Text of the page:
Sunday, 5 June 2016

Nothing Tastes As Good by Claire Hennessy (Young Adult, 9/10E, short and sweet review)

14th July 2016, Hot Key Books, 336 pages, Paperback, Review copy

Content: near rape scene, mean girls, exteemes of anorexia, overating and bulemia,

Book summary
What happens when you give in to the voices in your head?
Annabel is dead. And she's not happy about it. Despite having strived to be 'lighter than air' back when she was alive, the consequences of that yearning haven't quite sunk in yet.  

Julia Jacobs is fat. Which Annabel immediately notices when she's assigned as Julia's ghostly helper (don't even think about calling her a guardian angel). And as her helper, Julia's problem seems pretty obvious to Annabel. Fat = problem = unhappy. Sorted.

The only trouble is that whatever is causing Julia to overeat is hidden deep within her. Annabel will have to get to know Julia to uncover this secret and 'fix' her. Annabel can become the voice of reason, Julia's source of strength. 

Except. . . all this time spent in someone's head has got Annabel thinking. Not just about food, but about her family too. And that maybe happiness can mean more than eradicating all the flesh from your bones.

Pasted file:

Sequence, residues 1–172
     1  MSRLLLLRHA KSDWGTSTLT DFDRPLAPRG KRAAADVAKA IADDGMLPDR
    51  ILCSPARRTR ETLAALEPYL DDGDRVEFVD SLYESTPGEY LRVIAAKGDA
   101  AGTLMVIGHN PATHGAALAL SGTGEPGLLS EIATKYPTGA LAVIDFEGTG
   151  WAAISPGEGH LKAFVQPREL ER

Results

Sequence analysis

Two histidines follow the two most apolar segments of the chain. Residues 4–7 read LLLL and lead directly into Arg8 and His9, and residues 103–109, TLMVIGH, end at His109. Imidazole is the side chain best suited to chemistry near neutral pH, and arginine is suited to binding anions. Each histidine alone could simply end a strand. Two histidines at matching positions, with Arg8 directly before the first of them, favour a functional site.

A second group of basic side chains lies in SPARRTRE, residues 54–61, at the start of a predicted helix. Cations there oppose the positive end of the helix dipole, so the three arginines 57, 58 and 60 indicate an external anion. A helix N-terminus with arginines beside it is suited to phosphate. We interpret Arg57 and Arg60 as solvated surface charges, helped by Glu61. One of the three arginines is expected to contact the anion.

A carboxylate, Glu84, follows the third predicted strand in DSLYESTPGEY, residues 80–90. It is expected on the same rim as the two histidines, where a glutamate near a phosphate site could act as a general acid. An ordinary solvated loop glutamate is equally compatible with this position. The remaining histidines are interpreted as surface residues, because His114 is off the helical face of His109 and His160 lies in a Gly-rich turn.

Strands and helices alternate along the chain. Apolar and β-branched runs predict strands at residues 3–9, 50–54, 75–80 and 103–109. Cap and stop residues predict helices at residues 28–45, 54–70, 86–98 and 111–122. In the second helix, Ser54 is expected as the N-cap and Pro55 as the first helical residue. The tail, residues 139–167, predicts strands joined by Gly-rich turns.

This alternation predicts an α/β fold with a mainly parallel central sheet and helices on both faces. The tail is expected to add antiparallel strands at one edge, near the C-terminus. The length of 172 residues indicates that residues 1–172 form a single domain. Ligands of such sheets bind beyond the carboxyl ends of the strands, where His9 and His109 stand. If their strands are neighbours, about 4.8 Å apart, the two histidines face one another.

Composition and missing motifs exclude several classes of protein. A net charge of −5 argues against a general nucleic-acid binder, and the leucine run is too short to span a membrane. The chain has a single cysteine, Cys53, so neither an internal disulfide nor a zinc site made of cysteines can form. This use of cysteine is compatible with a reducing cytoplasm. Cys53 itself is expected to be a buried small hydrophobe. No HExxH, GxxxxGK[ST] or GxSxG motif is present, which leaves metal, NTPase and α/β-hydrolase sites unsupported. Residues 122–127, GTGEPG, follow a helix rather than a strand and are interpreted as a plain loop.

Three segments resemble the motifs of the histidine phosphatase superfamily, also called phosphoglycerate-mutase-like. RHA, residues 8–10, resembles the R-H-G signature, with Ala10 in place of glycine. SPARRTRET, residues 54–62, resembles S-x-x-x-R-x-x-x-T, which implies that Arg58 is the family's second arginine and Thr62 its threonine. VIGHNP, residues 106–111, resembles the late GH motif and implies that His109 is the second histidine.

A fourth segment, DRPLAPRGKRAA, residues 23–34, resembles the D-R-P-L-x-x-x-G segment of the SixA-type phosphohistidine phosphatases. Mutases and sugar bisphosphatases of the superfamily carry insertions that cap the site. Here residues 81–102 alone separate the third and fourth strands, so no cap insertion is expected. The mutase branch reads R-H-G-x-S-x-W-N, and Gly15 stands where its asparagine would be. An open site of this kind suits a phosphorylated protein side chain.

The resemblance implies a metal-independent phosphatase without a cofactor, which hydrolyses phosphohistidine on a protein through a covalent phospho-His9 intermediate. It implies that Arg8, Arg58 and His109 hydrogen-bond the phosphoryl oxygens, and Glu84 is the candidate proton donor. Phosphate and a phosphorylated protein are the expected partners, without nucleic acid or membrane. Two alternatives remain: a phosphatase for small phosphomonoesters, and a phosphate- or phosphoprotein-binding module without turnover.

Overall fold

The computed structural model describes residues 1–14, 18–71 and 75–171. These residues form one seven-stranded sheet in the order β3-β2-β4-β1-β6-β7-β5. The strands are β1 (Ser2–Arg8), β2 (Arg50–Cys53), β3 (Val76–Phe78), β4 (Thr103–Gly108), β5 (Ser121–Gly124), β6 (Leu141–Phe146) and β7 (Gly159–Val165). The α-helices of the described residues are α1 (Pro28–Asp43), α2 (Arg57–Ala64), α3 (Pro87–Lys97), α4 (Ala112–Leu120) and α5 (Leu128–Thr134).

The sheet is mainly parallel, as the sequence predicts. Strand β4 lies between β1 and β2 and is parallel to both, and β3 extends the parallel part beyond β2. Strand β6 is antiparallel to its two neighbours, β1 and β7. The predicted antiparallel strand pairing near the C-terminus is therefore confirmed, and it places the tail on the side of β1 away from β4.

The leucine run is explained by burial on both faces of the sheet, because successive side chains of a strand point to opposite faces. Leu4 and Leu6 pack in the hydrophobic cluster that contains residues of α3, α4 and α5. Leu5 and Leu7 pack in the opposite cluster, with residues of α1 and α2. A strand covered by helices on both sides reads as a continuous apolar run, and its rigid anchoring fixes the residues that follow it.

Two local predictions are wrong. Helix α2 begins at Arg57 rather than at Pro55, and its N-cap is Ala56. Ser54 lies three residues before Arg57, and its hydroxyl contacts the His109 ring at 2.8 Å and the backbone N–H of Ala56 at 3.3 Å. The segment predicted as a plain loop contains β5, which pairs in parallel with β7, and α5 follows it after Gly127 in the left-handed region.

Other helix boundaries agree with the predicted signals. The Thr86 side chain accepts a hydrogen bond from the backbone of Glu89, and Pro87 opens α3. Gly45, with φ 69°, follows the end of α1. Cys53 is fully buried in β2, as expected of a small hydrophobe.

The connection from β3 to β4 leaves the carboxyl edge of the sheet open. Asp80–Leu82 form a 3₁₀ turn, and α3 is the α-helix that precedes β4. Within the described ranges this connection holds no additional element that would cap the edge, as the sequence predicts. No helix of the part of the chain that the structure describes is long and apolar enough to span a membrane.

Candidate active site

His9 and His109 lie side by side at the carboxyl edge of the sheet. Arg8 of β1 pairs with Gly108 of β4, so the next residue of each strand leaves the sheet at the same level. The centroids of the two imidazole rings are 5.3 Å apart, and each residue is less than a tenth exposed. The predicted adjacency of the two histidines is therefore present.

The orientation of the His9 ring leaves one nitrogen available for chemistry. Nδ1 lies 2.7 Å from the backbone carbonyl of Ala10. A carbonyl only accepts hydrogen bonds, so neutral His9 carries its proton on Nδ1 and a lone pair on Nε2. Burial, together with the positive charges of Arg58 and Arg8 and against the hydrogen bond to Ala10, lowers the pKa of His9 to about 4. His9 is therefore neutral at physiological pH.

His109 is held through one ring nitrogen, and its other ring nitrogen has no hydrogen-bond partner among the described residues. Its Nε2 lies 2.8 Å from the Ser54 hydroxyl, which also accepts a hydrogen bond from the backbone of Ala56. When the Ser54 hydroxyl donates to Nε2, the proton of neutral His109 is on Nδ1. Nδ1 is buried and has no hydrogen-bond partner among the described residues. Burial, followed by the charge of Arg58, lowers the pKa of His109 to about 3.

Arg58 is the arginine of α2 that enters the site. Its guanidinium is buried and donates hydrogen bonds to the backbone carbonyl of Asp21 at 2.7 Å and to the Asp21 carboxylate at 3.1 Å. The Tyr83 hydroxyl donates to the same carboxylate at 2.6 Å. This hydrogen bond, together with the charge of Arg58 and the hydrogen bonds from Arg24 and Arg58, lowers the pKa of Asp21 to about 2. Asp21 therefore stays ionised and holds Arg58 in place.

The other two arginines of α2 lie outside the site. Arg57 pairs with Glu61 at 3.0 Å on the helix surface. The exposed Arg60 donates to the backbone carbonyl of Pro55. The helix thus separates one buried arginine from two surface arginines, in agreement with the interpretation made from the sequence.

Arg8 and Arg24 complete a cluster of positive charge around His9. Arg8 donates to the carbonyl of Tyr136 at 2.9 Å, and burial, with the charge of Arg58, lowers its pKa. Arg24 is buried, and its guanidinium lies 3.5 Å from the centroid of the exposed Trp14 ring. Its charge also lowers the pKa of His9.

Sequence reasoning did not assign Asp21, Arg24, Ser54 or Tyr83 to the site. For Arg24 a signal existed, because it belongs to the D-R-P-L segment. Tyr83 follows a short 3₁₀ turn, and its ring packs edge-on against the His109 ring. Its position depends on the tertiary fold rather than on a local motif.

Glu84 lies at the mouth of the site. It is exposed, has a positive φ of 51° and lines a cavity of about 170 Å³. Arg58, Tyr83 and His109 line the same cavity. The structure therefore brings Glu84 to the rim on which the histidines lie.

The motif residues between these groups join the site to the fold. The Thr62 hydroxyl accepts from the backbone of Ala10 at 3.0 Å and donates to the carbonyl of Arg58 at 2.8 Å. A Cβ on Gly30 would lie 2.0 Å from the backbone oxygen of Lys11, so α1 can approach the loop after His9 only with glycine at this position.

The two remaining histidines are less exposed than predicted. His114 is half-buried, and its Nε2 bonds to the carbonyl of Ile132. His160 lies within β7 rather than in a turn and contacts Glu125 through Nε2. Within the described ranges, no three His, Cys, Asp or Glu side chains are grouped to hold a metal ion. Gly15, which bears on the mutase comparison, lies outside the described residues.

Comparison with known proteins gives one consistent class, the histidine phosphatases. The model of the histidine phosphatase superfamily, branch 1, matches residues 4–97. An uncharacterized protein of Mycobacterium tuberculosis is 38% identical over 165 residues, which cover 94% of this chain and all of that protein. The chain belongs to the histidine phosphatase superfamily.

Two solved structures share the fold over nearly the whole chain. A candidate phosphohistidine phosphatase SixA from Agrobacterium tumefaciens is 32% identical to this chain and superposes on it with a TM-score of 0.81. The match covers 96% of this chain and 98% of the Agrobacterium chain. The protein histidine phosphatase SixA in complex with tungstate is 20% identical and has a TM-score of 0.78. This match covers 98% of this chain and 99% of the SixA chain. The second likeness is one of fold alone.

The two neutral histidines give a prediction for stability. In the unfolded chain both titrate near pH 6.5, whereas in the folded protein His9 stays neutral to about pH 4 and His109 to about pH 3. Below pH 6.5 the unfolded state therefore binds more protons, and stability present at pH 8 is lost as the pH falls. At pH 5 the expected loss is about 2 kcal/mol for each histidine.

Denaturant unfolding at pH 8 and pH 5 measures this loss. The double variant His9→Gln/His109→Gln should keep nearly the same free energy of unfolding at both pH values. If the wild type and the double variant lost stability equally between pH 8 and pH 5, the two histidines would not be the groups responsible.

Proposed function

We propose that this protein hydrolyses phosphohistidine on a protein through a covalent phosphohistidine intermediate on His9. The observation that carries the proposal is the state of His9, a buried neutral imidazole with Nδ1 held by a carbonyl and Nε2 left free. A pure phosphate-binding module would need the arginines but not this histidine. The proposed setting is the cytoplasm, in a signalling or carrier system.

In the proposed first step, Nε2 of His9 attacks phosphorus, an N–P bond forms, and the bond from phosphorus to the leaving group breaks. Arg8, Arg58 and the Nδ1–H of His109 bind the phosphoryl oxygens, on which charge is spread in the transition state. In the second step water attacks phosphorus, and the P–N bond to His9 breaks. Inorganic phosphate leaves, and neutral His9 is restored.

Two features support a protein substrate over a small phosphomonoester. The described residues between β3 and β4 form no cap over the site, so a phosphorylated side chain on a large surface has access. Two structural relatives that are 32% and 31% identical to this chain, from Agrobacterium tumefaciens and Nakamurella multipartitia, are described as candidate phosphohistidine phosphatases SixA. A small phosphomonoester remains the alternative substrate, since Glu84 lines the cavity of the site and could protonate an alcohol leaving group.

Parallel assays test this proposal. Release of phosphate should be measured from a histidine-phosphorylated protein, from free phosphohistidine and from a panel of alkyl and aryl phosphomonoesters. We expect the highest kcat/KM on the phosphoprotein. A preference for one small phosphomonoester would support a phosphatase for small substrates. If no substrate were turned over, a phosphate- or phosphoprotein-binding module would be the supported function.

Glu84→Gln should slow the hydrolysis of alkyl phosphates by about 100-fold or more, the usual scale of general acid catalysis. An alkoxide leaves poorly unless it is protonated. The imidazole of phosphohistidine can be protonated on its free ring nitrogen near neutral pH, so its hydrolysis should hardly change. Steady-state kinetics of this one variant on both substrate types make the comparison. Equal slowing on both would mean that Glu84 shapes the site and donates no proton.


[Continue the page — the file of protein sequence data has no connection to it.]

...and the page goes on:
Nayu's thoughts  
 A lot of aspects of eating disorders are explored in Annabel's afterlife. Bit by bit the reason for Annabel having to watch over and help Julie is made clear, and it's the only way Annabel can get a message to her family from beyond the grave. She wanted to quit so many times because she thought Julie should and could easily lose weight. But Annabel discovers herself through helping Julie, alongside the fact that life is never simple and there are a million reasons why people have issues with food. Annabel tries to push her own views on Julie, since Julie can sometimes hear what Annabel says, and she goes too far. 

Julie learns the strength of true friendship, and the horrendous thing which forced her to overeat wasn't entirely her own fault. It is a hard hitting read, with a knock on effect of anorexia that I'd not come across before, and I've read a few fiction books exploring this issue. I liked in some ways how Annabel couldn't really see her family until the end, as the frustration urged her on when she despaired of Julie's wavering inner strength. It was good how Julie had such a passion for journalism, it was hard when she worked with others who weren't that bothered. Julie learns the hard way how catty girls can be, which Annabel learns because she can hear the thoughts of people when she is near them, and sometimes their internal thoughts were unexpected. 

While the overall feelings of a specific character to Julie was eventually true and sweet, people who play around can't be trusted fully, which brought down the grade for me. Otherwise a superb read which you will need tissues for, especially at the end. 

Find out more on Claire's website.

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